For users who need the more advanced uses, under the Pyret menu there’s a new option to “Enable Full Google Access” which connects to Google Drive with the larger set of permissions. You may want to use the larger permission set if:

  • You rely on a workflow that involves putting Pyret files into your Google Drive in some way other than creating them yourself through (for example, students share files with you and you’d like to see those files on your homepage, or you collaborate on a non-public library file with others and want to import it with my-gdrive)
  • You want to work with private spreadsheets saved in your drive that haven’t been made public
  • You have certain security options enabled in your browser and want to insert images from your Drive – in particular if you have “3rd party cookies” disabled, the “Insert” button for images cannot work without broader permissions.

Images Available without include in New Programs

Many curricula that use Pyret have early exercises involving images. This means that an early step many students need to perform is writing include image at the top of their program. This can be an onerous extra step.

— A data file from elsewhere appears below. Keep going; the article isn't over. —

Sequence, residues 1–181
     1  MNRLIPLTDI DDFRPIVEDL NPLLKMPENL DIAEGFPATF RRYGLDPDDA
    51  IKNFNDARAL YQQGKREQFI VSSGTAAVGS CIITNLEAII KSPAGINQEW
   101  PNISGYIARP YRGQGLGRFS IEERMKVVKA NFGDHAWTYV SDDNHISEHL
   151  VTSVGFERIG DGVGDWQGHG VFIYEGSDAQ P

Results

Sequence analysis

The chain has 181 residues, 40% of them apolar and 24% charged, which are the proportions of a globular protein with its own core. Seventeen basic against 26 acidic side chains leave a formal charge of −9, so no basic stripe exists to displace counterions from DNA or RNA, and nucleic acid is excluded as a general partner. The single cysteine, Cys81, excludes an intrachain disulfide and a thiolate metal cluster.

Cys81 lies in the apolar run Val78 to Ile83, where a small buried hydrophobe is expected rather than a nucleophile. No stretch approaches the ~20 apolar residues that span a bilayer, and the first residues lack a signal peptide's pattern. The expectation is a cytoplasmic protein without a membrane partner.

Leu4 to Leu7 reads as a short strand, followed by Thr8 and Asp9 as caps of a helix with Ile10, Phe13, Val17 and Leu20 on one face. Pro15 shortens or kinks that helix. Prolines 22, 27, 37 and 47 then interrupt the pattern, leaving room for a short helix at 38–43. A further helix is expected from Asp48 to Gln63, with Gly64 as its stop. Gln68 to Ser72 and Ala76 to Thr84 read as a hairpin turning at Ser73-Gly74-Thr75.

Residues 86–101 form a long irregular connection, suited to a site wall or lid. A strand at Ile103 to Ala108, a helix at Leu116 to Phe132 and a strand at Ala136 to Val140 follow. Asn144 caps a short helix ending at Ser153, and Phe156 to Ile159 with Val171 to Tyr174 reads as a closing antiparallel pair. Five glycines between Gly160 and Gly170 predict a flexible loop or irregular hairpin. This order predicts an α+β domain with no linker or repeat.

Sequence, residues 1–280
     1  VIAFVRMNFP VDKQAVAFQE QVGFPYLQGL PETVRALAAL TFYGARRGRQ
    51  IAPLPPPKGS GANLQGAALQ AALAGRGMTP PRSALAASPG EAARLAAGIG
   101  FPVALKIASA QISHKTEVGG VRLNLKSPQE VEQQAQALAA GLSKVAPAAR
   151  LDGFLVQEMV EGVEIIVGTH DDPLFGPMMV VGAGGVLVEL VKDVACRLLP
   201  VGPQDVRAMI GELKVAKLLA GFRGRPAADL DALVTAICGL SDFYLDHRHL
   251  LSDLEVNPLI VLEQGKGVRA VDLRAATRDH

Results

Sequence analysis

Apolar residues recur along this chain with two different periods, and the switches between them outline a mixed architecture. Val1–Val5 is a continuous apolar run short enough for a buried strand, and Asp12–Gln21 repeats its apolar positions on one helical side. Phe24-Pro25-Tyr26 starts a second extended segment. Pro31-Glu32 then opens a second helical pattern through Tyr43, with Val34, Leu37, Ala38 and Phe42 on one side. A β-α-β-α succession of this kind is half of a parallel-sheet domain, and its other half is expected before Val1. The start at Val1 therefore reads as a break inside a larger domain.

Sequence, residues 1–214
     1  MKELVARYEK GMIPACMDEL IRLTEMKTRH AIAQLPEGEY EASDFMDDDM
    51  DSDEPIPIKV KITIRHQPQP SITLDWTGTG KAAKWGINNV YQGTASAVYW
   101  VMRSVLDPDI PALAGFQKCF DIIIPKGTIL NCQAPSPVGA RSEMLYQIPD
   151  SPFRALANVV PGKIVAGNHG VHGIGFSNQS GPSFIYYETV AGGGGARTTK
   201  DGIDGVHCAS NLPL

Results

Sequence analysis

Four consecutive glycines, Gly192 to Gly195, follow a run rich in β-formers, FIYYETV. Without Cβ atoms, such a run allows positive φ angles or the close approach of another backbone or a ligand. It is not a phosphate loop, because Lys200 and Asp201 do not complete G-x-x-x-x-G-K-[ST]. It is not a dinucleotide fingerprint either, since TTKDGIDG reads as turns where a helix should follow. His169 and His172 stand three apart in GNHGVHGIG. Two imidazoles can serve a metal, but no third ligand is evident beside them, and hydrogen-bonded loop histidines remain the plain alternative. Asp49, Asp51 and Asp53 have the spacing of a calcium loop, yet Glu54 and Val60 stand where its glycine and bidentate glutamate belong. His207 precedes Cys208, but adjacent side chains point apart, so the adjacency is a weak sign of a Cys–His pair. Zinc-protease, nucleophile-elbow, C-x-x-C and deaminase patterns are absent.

When you start a blank program in now, you’ll see a line that says use context essentials2021. This makes it so that the image library is included by default into that program (this has some other positive consequences, detailed below). In addition, all of lists is included, which had some previous inconsistencies in which functions were provided by the module versus the default environment.

We can do this in a backwards-compatible way because of a new feature, use context.

A New Feature – Contexts

Programming languages aren’t useful without some functionality provided “out of the box.” To that end, most languages have some names of built-in functions and values defined for the programmer without the programmer having to type any extra import or include statements; Pyret is no different. We call this set of names the default environment or the default context.